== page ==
The earliest European settlers in Canada were French. Although some fled south to Louisiana with the imposition of British control over the region and others were initially displaced, many returned and have maintained a distinct culture, particularly in what are now the provinces of Nova Scotia, New Brunswick, and Prince Edward Island.
Thibault, a journalist and radio producer whose family roots in the region go back to the eighteenth century, began this fascinating exploration of traditional foods and customs with a collection of handwritten notebooks from his grandmother. Further enriching his account with recipes from other families as well as historical sources, he paints a portrait of a rich, hearty cuisine prepared by largely self-sufficient people who adapted to new ingredients, such as corn and molasses, and took advantage of seasonal bounties.
Although one might initially think all this sounds very generally North American, the food itself is distinct: a condiment of salted green onions; fricot; a chicken and potato soup that varies from household to household; wild hare pie; râpure or rappie pie, an Acadian comfort food with a lovely and thin golden brown crust over “a thick gooey potato mass that is somewhere between the texture of thick rice porridge and wallpaper paste.” It is so popular that groceries sell pre-shredded potatoes to make it. There are rhubarb and cranberry preserves, much to do with apples, and throughout, a charming affection for traditions that Thibault is determined to preserve and extend.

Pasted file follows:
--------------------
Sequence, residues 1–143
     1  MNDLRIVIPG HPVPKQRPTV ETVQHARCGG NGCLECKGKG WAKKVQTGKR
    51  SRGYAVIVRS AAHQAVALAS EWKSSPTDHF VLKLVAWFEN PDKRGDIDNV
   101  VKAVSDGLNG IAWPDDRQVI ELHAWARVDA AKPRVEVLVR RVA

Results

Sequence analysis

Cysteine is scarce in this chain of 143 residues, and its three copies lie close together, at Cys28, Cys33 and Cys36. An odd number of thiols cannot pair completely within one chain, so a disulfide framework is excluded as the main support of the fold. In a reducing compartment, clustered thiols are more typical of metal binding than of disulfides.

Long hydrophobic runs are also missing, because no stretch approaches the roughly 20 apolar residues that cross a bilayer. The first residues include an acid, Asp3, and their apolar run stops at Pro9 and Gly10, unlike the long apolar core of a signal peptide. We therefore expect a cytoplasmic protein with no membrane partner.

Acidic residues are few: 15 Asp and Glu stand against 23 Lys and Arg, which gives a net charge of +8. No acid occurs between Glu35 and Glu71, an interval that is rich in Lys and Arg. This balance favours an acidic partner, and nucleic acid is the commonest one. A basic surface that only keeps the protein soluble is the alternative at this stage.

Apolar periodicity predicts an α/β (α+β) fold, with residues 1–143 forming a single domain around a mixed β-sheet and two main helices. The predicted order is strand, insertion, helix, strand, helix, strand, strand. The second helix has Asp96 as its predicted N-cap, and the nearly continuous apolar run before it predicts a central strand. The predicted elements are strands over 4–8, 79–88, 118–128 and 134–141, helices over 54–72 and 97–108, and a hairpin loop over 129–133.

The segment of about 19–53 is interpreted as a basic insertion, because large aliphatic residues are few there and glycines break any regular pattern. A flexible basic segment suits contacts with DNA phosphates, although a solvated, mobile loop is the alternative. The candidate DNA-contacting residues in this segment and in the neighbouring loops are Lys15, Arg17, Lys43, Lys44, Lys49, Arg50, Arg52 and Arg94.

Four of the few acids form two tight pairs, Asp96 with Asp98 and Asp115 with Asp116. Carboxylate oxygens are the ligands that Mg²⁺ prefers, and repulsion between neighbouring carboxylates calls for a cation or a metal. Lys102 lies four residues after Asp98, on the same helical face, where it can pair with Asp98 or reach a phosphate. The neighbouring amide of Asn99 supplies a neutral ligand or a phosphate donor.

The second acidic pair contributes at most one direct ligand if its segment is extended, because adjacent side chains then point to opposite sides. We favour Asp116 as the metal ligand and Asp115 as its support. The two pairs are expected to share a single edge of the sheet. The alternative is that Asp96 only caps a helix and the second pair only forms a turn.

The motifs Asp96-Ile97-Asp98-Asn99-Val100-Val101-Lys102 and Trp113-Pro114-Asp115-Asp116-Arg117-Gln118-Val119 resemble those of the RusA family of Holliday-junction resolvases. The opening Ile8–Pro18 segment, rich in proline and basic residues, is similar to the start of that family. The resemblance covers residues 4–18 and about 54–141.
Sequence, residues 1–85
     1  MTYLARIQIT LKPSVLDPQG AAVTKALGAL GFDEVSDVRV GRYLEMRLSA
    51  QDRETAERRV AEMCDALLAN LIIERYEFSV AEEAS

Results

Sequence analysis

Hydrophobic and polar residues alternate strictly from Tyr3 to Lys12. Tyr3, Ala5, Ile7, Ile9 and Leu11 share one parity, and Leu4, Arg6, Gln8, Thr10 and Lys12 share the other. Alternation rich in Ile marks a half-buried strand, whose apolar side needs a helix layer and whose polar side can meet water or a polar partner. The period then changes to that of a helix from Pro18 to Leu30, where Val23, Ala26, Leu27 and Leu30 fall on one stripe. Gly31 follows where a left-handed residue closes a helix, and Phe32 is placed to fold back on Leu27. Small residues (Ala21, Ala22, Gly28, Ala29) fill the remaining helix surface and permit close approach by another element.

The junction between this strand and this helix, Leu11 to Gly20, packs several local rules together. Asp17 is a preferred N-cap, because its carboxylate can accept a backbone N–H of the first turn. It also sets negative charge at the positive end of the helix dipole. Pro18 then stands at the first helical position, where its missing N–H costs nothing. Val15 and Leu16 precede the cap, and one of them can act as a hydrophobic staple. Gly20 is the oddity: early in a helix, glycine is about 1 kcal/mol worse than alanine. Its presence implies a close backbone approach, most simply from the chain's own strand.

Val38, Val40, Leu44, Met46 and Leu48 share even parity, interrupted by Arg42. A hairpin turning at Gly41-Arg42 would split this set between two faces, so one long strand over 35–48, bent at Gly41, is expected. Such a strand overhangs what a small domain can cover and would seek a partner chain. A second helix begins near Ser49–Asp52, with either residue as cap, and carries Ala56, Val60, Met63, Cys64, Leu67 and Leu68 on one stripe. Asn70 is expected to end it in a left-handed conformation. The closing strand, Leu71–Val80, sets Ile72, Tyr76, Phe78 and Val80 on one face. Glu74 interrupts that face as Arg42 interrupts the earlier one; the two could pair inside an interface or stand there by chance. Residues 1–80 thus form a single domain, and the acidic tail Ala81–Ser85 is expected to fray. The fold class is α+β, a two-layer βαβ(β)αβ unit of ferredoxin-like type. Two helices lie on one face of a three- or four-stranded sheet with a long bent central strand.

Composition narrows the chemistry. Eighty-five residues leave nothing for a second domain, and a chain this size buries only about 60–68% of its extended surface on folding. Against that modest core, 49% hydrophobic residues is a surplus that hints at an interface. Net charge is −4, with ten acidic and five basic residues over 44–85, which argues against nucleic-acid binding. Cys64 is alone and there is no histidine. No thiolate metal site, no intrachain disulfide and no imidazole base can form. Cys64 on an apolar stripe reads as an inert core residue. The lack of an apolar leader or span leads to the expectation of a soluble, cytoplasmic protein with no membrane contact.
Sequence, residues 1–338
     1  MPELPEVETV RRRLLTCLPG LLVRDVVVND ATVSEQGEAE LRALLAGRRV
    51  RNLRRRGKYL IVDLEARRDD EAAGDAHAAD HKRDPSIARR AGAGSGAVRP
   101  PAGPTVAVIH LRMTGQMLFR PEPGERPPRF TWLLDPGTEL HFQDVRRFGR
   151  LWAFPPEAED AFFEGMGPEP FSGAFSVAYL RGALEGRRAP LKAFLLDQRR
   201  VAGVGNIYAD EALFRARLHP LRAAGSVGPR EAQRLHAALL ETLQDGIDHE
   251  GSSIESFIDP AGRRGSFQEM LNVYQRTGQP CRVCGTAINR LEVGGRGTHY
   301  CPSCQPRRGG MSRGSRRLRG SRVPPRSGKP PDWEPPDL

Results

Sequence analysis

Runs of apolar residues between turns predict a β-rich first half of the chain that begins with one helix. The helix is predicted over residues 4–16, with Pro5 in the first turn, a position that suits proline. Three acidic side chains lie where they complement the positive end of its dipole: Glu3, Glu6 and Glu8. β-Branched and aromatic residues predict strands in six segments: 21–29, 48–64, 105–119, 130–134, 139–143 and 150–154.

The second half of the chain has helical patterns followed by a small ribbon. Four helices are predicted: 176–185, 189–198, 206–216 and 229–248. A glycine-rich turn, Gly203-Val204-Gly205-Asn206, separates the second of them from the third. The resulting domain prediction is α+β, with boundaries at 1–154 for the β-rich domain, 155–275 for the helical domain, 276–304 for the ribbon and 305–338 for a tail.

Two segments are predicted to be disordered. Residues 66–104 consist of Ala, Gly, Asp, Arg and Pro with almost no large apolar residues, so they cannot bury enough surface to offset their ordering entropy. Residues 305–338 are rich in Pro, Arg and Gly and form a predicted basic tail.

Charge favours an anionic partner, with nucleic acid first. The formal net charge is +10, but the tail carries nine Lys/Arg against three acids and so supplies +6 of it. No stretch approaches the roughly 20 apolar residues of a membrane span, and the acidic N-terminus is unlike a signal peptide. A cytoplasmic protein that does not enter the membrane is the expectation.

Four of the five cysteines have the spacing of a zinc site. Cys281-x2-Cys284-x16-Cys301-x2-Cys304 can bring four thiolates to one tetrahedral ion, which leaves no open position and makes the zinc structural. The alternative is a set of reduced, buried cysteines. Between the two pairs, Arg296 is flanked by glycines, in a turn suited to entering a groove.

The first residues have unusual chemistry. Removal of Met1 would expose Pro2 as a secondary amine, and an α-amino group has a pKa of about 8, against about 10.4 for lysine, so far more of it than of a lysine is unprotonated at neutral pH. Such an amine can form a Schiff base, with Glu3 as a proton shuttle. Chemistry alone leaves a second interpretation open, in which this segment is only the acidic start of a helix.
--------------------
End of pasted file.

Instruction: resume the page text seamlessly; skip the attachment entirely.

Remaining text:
Handsome color photographs by Noah Fecks throughout. Paperback.
For a limited time we have copies signed by Simon Thibault.